Flexiant are once again attending HostingCon 2014, one of the industries premier events for hosting and cloud providers. Our cloud experts will be there to demonstrate ways service providers can remain competitive and arm themselves with the right tools to compete in the cloud marketplace. Firstly, following our announcement this week, of the general availability of our Flexiant Cloud Orchestrator and Parallels Cloud Server solution, Tony Lucas will be attending to demonstrate the unique integration. Since announcing our integration plans with Parallels earlier in the year, we have had very positive feedback from service providers and hosters looking for the benefits of Flexiant Cloud Orchestrator for IaaS orchestration whilst running it on PCS.
This morning, Jim Foley and I spoke at WHD.global on the topic, ‘Marketing Innovations every Cloud Service Provider Should Know’. The presentation was based on research into hundreds of service providers and how they are currently going about their marketing. The results proved that many service providers are not taking the full advantage of the marketing tools available to them, which could cause them to miss out on customers. We both thoroughly enjoyed the opportunity to discuss marketing methodologies and tools that can differentiate service providers from their competition.
Judging by the turn out, service providers understand that in an increasingly commoditized market, it is essential to arm yourself with every tool available, to find, listen and engage with your target market. To help support service providers even further, we have produced a special report that highlights the possible pitfalls and gives resources and suggestions to help get you started. For our full special report please click here or below.
Report Summary: Flexiant studied a variety of hosting companies and service providers, using various tools to understand each company’s online presence and marketing. Many of the companies researched are past or current participants at WHD Global. The research was conducted without the involvement of the individual companies using analytical tools that are widely available.
There are many considerations when selecting a hypervisor such as the performance, how mature the technology is, how it integrates with existing systems, the commercial implications and guest and functionality support. In our latest white paper, we put together a guide that sets out to help you select the most appropriate hypervisor.
Within the paper, we compared four major hypervisors – KVM, Xen, VMware and Hyper-V. Here is a snapshot of the hypervisors we reviewed and a bit about each:
KVM – a Linux based open source hypervisor. First introduced into the Linux kernel in February 2007, it is now a mature hypervisor and is probably the most widely deployed open source hypervisor in an open source environment. KVM is used in products such as Redhat Enterprise Virtualization (RHEV).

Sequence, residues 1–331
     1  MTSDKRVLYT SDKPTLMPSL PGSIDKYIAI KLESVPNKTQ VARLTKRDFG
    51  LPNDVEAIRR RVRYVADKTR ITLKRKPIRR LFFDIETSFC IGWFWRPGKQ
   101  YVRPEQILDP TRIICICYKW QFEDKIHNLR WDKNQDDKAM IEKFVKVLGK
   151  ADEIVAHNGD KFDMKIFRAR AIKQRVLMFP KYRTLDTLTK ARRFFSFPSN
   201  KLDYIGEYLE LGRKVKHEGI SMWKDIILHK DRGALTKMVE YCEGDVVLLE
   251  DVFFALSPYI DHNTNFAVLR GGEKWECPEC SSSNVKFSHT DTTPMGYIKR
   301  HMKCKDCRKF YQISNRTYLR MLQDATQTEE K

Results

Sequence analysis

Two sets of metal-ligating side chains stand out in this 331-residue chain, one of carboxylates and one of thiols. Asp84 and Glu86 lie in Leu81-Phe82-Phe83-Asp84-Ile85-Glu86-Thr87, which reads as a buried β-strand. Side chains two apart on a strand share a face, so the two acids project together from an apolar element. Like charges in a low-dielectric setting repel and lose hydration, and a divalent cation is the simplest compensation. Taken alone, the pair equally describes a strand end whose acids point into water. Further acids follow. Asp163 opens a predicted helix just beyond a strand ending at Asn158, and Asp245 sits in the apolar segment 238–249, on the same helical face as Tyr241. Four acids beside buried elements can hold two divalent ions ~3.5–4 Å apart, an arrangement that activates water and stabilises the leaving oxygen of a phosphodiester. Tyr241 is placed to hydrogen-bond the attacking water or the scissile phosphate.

Today I have the pleasure of speaking at the Arrow & IBM MSP & ISV Jam to discuss today’s announcement that we are working with Arrow ECS UK to deliver a complete solution of software and hardware to any service provider wishing to launch cloud services in days. Read our press release.
Over the last few months, we have been working closely with Arrow to deliver a combined offer of our software with IBM Flex System, a converged infrastructure solution that goes beyond blade servers with custom architecture to support your unique business needs. Arrow facilitated and supported the process to have Flexiant installed, tested and verified on the IBM Flex System at the IBM Innovation Centre in the UK. Not only was the install and configuration fast and problem free but we also passed all test with flying colors. Together we can offer our service providers the hardware and software to rapidly install, deploy and launch cloud services at scale and in days. Using this complete solution, customers will not only get to market quickly, but also have the technology necessary to resell services via new channels.
I am writing this while flying from Scotland to New York. I am reflecting on the journey of Flexiant, other cloud management and orchestration vendors and the typical scenarios encountered in technology ventures. Having been involved in a number of early stage technology ventures in emerging markets there is a mistake, often terminal, that many make. In this post I describe this mistake and its relevance not only to standalone technology companies, but also to anyone launching technology ventures, such as cloud services.
First, let me describe a typical scenario to you. Two founders, both with complementary technology backgrounds, identify a sizeable market need which they believe that they can fill. They perhaps have had one initial success under their belt in the past and therefore manage to secure initial support and funding for their idea. They spend the next 18 to 36 months working on their solution with a small, but growing team. They do this as a new start-up company or often as an innovation project within a larger company. Somewhere along this journey, if they are fortunate, they secure a handful of customers, who pay very little for their solution. Surely this is proof that the market will buy isn’t it? Meanwhile investment funds continue to be burned and the product roadmap is driven by expert knowledge within the company.
Often what this produces is a technologically advanced solution with little, or no, market traction and very little visibility in the marketplace. We encounter this scenario frequently. Indeed Gartner, in the paper “How the Cloud Management Platform Market Shakeout Will Affect Buying Decisions”, 3rd June 2013, state that “many start-ups focus their limited cash and other resources on technical product development and not enough on gaining market visibility”. Based on my experience, I agree.